Man who stabbed K-9 eludes police; search scaled back

Although the ground search for a suspect who eluded officers and stabbed a K9 was scaled back, investigators were still trying to plot his next move.

Everything L.C. Wesley Armstrong did on Tuesday indicated he had no intention of going quietly to jail.

When a squad car stopped his vehicle in north Minneapolis, the 26-year-old Armstrong led them on a chase into the northern suburbs, finally abandoning the car and running into the woods in Blaine, where he allegedly stabbed a police dog sent after him.

After a fruitless daylong search including a SWAT team, a helicopter and officers from 10 agencies, authorities called off the active search as darkness fell Tuesday.

Residents were allowed to return to their homes in a neighborhood near Main Street (125th Avenue NE.) and Lexington Avenue NE.

Armstrong, convicted of manslaughter last year and considered armed and dangerous, remained on the loose Tuesday night.

"To stab a dog? What the hell's wrong with you?" asked truck driver Dan Olson, who'd been forced to wait outside the restricted area since 5:30 a.m., unable to reach his destination.

Olson, who knew the area, said he wasn't surprised it was proving tough to search: "There's swamps, woods, old buildings -- he could be in somebody's garage for all we know."

Tuesday evening, Blaine Police Chief Chris Olson said the search focus would shift to investigative measures, such as maintaining contact with people who might be able to persuade Armstrong, identified in court records as a Cass County resident, to surrender.

"I'd love to say we covered every square inch out there, but we did what we could to cover the area as best we could," Chief Olson said.

Minneapolis Police Sgt. Jesse Garcia, referring to the injured dog, said: "He harmed a member of our department, and we consider him to be extremely dangerous. We believe he will harm somebody." The K9, Shadow, was expected to survive, Garcia said.

Olson would not address reports, on a website that monitors police radio conversation, that the suspect had contacted his family and claimed to have obtained more guns from homes in the area. The reports said the suspect told family members that he will not be captured alive.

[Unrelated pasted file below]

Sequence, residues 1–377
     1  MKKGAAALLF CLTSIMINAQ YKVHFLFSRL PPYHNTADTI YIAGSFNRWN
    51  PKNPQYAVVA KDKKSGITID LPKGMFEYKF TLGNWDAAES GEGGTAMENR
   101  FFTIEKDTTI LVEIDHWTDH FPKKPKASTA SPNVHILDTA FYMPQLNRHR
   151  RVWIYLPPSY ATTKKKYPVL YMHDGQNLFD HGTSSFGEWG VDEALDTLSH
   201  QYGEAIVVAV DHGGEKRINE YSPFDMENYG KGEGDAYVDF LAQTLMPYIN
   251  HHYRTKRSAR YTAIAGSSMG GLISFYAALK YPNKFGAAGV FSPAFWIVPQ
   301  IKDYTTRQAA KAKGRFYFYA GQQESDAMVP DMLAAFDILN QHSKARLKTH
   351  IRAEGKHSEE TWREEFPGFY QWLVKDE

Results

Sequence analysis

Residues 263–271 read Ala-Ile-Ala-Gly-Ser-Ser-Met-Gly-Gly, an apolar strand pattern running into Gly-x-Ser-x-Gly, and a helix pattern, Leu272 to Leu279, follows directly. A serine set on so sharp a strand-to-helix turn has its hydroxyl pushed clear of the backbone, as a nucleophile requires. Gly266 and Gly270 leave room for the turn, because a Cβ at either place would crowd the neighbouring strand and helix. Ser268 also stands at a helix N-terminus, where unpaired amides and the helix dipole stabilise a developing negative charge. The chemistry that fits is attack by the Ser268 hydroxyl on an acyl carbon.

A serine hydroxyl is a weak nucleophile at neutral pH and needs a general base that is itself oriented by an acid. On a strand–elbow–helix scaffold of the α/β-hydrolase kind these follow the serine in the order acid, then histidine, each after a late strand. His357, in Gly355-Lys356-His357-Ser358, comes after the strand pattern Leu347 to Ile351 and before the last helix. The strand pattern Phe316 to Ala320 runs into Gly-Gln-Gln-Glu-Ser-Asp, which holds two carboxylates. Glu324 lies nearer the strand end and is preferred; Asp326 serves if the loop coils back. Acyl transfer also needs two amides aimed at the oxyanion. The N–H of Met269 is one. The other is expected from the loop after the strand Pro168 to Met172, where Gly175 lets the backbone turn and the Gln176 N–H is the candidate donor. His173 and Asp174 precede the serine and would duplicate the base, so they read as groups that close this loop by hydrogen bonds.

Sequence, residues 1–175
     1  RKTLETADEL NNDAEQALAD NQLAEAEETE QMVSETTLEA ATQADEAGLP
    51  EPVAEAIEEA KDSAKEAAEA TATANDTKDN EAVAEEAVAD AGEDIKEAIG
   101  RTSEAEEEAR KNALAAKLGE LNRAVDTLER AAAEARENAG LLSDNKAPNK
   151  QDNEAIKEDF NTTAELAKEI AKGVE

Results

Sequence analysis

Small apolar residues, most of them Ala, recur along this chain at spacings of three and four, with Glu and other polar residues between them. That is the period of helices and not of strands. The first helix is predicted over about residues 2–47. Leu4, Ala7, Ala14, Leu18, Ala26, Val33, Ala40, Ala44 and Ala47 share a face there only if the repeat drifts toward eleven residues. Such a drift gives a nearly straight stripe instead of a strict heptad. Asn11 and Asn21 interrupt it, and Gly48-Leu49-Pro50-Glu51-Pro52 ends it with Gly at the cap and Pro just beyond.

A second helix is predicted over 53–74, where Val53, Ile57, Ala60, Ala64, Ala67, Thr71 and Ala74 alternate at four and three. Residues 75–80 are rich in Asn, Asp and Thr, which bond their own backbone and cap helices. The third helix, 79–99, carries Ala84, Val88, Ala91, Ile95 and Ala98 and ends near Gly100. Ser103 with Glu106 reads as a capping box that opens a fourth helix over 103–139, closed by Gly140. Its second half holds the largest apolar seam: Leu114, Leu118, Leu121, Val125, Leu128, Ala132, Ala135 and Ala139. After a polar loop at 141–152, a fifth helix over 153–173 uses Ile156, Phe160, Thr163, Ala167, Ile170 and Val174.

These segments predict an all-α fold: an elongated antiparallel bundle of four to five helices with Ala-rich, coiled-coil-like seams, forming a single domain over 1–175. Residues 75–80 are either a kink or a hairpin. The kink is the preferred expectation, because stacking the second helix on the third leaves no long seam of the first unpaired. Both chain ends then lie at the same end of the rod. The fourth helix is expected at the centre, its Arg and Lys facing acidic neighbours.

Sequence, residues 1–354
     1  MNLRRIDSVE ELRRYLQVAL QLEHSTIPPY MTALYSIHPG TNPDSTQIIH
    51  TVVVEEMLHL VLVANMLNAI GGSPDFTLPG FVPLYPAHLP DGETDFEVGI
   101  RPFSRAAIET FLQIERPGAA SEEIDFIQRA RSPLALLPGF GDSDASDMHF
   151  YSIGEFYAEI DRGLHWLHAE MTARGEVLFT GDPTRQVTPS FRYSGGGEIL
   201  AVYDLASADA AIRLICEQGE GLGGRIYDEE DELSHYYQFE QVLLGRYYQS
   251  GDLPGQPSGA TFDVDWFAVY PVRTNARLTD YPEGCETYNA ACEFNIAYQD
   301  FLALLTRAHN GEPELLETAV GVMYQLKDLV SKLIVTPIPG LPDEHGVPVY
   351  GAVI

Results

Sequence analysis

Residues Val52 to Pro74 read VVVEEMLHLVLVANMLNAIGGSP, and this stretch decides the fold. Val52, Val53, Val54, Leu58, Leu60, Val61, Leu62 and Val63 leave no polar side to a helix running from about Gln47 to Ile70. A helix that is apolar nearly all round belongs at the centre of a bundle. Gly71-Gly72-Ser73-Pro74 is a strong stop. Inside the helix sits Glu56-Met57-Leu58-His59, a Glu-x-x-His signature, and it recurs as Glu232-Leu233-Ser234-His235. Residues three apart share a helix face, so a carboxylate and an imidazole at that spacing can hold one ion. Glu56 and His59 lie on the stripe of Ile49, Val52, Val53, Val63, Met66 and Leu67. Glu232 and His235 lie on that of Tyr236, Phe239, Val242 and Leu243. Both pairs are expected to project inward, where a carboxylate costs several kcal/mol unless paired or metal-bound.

Police disabled vehicle

The pursuit began about 3:45 a.m. near 35th and Penn Avenues N. Police observed open alcohol containers in the vehicle, which then fled northbound on Interstate Hwy. 35W.

Numerous agencies joined the chase, and they were able to partially disable the vehicle using stop sticks. It finally was stopped by a state trooper using a PIT (pursuit intervention tactic) maneuver. Armstrong and a woman ran. She was caught quickly, but Armstrong fled into a wooded area. The dog sent in after him "came back out of woods and had been stabbed," Garcia said.

Police found an empty holster and ammunition in the car, leading them to believe Armstrong might have had a gun.

Police set up a perimeter bounded by Main on the south, Lexington (also County Road 17) on the east, 131st Avenue NE. on the north, and Harpers Street NE. on the west. That area includes the Preserve at Legacy Creek development.

Authorities told people there to stay inside while they searched, aided by a helicopter. By 2 p.m., Olson said police were certain the suspect was no longer there.

Garcia said the dog will survive, but it's unclear whether he will be able to continue serving as a K-9. The German shepherd has been with the department for four years.

Serious criminal record

Armstrong was convicted of second-degree manslaughter last year after getting in an argument while driving and taking his hands off the wheel to grab his pregnant passenger.

The woman and her unborn child died after the vehicle flipped and crashed into a stand of trees south of Backus, Minn. The woman's 5-year-old daughter, buckled into the back seat, survived.

Armstrong was also convicted of first-degree burglary last year for kicking in a house door and assaulting a woman. The criminal complaint stated that he entered the house and screamed obscenities as he forced the woman into his car. The woman escaped and ran back into the house. Armstrong then kicked in the door and threatened the occupants.

For these 2009 convictions, he spent a total of four months in jail.

Staff writer Jane Friedmann contributed to this report. dennis.mcgrath@startribune.com • 612-673-4293 abby.simons@startribune.com • 612-673-4921

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